The native side of UT sometimes relies on the function
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This is intended to interface a static string stack for temporary strings to avoid allocating/deallocating strings heavily due to the cost of malloc/dealloc.
It's very useful in that it saves a lot of processor time. The downside is that the blocksize is limited. Thus each string is limited to 1024 (1023 + nullterminator). In most cases it doesn't hurt to use more than 1023 in terms of risking
heap corruption because, if I recall, the stack is , so there are 512 x 1024 * sizeof(wchar_t) (which is 2 on MSVC). So unless you're on the last row in the stack, it wont go out of bounds completely. Of course, when the function is called next time it will overwrite anything beyond 1024 and destroy the null-terminator, thus causing havoc in other ways.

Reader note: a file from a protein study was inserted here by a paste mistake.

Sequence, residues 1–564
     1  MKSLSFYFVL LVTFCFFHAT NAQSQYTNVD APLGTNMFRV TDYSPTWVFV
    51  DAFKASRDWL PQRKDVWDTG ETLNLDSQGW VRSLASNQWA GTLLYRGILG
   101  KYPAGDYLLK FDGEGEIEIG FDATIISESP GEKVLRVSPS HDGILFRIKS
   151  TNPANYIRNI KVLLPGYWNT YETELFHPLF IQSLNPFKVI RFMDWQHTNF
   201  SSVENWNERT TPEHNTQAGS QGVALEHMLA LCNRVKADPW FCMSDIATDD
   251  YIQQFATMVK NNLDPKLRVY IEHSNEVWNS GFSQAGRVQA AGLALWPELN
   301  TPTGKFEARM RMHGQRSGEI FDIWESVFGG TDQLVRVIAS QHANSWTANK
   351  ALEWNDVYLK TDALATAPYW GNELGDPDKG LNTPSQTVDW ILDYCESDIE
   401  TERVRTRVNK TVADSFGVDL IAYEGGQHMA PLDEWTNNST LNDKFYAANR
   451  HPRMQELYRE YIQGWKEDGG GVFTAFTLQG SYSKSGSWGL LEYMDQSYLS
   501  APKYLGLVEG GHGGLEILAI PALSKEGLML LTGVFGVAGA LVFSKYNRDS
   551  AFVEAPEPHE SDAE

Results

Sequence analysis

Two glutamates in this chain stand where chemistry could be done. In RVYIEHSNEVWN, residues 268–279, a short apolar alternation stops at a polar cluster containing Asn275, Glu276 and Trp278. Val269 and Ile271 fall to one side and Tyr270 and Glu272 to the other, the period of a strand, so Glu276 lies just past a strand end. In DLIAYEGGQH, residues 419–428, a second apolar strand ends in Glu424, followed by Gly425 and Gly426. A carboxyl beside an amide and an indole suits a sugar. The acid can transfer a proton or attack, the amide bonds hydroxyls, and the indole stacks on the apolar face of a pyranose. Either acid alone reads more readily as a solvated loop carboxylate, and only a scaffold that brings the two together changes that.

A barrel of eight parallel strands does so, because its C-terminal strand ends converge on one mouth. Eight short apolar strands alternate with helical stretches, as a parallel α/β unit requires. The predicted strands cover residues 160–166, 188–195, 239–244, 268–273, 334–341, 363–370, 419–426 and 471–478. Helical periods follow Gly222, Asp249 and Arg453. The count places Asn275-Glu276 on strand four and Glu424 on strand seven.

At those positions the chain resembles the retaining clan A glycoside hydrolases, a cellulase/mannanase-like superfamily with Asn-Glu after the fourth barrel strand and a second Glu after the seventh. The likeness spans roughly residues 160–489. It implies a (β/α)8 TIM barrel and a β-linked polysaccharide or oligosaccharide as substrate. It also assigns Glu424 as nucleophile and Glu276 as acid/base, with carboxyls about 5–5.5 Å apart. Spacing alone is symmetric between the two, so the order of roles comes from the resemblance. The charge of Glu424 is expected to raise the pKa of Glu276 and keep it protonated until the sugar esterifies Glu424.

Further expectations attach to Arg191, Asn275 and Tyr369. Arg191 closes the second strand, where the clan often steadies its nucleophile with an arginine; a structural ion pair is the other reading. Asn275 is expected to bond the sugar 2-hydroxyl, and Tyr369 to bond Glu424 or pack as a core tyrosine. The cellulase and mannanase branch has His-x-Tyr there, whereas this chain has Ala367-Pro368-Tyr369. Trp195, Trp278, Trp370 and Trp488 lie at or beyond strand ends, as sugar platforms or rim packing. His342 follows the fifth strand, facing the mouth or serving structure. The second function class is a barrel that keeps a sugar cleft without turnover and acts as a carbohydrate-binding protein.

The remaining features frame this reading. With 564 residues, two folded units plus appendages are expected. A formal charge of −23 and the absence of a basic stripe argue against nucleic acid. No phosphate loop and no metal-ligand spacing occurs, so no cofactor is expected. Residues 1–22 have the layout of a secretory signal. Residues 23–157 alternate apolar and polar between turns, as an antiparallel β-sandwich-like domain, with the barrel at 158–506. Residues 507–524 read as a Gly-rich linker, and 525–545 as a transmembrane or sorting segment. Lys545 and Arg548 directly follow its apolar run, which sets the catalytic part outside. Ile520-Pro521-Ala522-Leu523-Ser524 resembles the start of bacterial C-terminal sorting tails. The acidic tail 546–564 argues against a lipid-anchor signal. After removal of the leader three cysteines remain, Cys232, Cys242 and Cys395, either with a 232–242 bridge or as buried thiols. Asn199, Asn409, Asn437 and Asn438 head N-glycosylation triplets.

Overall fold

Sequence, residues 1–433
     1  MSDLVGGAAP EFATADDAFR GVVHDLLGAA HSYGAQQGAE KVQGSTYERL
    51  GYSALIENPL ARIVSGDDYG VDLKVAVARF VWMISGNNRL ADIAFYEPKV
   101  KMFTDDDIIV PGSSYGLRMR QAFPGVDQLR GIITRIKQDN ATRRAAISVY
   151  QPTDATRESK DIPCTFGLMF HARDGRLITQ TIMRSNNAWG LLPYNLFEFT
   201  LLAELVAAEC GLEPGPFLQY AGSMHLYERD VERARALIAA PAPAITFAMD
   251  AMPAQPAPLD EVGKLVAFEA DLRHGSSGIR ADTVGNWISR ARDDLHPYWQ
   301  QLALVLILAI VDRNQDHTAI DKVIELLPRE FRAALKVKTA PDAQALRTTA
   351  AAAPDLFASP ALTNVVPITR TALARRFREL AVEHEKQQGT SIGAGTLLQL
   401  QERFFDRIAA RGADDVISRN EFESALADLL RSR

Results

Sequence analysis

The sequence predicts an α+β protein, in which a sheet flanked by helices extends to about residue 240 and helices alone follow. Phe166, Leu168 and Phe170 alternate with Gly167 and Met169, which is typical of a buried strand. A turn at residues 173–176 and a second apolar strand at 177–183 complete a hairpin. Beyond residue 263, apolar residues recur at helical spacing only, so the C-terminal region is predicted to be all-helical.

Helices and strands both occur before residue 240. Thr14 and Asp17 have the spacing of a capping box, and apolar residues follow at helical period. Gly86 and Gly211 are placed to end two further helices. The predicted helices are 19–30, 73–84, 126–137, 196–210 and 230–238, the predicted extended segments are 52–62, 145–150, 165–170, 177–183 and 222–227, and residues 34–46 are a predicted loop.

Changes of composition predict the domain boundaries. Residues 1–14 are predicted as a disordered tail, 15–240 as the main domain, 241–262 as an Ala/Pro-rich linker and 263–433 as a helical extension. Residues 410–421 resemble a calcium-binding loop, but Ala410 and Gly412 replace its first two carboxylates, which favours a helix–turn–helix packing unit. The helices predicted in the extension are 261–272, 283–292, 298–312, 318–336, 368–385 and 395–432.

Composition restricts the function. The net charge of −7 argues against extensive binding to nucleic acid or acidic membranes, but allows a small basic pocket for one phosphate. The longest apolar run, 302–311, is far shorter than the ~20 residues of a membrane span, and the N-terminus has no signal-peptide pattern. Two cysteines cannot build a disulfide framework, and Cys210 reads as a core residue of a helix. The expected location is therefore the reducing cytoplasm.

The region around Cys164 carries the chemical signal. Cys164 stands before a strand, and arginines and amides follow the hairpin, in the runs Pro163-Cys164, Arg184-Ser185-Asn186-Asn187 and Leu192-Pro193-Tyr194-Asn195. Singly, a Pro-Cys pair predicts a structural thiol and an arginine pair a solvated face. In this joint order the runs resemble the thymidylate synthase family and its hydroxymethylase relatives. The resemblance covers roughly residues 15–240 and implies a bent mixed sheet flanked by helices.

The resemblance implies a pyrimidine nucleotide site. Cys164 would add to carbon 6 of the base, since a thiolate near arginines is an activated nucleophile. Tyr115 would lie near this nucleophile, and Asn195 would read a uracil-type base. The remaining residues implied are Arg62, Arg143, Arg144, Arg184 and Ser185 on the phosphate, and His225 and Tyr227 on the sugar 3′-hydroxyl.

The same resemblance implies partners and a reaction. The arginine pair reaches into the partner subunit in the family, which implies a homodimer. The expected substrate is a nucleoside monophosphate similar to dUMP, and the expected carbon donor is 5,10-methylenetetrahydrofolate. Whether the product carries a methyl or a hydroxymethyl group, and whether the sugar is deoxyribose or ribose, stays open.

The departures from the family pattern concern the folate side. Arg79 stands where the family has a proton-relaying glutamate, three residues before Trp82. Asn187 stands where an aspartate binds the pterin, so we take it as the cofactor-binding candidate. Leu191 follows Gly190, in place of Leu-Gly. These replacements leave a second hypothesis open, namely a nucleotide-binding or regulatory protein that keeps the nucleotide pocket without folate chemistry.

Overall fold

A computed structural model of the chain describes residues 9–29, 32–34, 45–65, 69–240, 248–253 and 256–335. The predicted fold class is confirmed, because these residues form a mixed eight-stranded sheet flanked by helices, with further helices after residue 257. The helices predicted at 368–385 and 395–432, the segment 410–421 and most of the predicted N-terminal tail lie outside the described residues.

Conclusion? Don't ever use strings larger than 1023, Ever!
A string that large is very rare, and would most often never be seen other than during testing. It also takes forever to process for obvious reasons.
You can clamp the text using Str = Left(Str, 1023);
It may or may not help, depends on GetPropertyText and how it handles the result.
The string itself isn't limited, but the static string stack is, thus any function that uses it together with a string larger than 1023 will cause corruption.
So don't use GetPropertyText here, use the member access operator and then clamp the message using Left().
P.S That special event should be thrown away and tucked under something that will never see daylight again.